Netherlands-based Samskip has reinstated its direct container service between Amsterdam and Hull, claiming shortsea market conditions have improved in favour of multimodal over road-ferry services.

Furthermore, the multimodal transport operator says its new rail service between Amsterdam and Duisburg could provide supply chain opportunities for UK importers doing business with China.

The Amsterdam-Hull link was suspended in March, as container and ferry volumes were impacted by Covid-19 lockdowns. However, Samskip said it won new container business from importers wanting to replenish empty supermarket shelves.

David Besseling, head of UK trade, explained: “While the total market dropped, the reliability of multimodal transport into the UK persuaded new shippers to convert from trailers to containers during lockdown, especially from Italy.

“Some trades remain subdued, but structural volumes from the paper, construction and chemicals sectors are returning to pre-Covid levels, and the time is right to re-establish Amsterdam-Hull as a robust intermodal product for the post-Brexit era.”

The 300-teu-capacity service will re-start on 5 September, focusing largely on 45ft containers, and three sailings a week from TMA Terminal Amsterdam will arrive a day later at ABP’s terminal at Queen Elizabeth Dock, Hull.

Mr Besseling said Samskip was “keeping its options open” on adding more capacity early next year, however, as the conclusion of Brexit negotiations could see rising demand for multimodal services.

Moreover, a shortage of drivers in Europe could also be benefiting multimodal over road-ferry transport, Samskip said, with low diesel prices encouraging hauliers to focus on continental business and pass on opportunities to run trucks into the UK.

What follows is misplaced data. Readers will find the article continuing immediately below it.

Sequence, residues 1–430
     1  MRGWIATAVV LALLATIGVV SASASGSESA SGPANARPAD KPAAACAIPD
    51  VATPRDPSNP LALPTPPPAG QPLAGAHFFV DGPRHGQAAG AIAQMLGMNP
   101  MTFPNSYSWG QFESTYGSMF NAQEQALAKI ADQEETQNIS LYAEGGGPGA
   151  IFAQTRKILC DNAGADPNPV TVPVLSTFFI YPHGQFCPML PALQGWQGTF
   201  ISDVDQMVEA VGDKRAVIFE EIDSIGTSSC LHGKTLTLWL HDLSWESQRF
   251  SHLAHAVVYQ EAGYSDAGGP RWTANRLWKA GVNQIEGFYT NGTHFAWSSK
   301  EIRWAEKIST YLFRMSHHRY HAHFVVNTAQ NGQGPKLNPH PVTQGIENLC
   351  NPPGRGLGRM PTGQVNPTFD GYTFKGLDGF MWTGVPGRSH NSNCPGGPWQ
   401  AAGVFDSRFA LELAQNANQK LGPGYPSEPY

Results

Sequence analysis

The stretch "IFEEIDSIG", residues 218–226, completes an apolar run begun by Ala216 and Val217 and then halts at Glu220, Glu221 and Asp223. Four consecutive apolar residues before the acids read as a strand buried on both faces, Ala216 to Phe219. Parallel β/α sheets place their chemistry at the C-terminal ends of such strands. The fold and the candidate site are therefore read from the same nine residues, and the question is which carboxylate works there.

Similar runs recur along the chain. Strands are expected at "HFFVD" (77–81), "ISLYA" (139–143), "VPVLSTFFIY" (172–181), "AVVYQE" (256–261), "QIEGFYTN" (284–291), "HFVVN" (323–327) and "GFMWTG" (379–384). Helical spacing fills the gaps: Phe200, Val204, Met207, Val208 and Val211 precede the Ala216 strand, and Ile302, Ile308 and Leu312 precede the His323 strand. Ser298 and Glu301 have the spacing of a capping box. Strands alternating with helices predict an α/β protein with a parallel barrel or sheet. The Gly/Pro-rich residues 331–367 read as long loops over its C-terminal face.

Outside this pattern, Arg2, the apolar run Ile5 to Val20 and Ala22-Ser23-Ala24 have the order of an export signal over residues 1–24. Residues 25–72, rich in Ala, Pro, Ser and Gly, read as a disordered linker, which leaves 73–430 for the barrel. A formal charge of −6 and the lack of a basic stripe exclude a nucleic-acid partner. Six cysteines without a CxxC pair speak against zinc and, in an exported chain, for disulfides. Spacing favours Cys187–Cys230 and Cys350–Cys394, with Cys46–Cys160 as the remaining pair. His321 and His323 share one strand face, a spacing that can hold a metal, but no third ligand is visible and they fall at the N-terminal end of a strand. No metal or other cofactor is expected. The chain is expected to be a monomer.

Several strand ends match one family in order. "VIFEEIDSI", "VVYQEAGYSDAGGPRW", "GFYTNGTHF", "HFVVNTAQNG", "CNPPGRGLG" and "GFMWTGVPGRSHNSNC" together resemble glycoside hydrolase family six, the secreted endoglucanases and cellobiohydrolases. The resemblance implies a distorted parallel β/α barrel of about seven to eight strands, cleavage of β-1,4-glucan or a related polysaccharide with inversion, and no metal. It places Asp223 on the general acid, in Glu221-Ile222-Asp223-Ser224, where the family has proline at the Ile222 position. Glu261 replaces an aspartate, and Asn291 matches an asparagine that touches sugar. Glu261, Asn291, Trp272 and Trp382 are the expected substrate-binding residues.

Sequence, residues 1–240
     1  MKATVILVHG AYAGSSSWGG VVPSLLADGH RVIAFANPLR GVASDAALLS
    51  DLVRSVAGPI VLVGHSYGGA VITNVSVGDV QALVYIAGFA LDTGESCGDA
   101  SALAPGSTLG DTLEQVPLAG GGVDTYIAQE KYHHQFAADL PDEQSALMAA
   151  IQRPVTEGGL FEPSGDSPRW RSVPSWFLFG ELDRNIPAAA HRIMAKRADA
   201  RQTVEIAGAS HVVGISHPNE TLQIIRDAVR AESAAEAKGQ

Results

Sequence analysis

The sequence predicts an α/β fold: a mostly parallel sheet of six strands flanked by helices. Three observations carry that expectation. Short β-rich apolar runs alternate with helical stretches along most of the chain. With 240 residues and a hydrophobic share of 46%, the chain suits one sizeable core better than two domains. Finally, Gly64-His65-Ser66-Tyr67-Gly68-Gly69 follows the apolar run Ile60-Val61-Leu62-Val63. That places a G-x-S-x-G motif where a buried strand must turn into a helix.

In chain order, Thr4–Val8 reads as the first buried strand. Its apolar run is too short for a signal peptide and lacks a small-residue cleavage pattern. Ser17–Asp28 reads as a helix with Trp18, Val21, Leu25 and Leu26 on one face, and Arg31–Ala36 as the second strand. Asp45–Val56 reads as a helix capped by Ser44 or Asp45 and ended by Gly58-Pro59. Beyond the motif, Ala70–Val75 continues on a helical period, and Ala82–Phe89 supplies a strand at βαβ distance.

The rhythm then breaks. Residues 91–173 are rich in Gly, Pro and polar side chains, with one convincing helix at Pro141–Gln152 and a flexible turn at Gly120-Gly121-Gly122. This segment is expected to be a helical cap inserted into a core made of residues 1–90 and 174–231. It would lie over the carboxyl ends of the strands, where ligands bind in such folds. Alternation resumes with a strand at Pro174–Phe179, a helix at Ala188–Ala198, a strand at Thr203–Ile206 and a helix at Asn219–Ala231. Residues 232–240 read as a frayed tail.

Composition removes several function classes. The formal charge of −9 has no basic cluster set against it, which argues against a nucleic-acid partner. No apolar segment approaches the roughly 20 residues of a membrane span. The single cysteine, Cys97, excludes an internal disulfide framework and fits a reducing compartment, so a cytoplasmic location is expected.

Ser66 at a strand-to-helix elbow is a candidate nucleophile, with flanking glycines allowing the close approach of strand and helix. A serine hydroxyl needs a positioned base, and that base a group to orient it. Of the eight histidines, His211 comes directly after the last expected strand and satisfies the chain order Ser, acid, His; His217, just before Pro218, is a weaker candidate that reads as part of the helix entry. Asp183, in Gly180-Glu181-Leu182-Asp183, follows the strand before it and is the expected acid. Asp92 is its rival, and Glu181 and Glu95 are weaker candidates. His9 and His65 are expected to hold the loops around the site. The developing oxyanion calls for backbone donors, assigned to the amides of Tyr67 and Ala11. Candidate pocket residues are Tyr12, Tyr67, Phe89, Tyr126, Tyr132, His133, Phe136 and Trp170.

“Recent trailer rate rises represent hard evidence of a shortsea market tipping in favour of the container,” said Mr Besseling.

He added: “Our experience has been that container transport’s ability to scale-up quickly and reliably proved compelling in the face of the uncertainties brought by previous [Brexit] deadlines, but then some of that freight returned to ferries as those deadlines simply became negotiation staging posts.

“This time, faced with new bureaucracy, driver shortages, trailer parks on motorways and Covid-related ferry schedule uncertainties, we expect a sizable chunk of clients to stay with multimodal.”

Meanwhile, Samskip’s new rail shuttle between Amsterdam and Duisburg completes the multimodal link for UK importers utilising the big uptick in Silk Road trains from China. The service was launched last week in collaboration with Nunner Logistics, which operates weekly trains to Duisburg from the Chinese cities of Xi’an and Changsha.

Mr Besseling said Chinese exports by rail to North Europe were increasing quickly.

“There is also strong and growing demand for cross-docking services in Amsterdam, where trailer loads are increasingly being converted to container loads for the UK,” he noted. “Higher frequency sailings into Hull create new supply chain possibilities for UK importers.”

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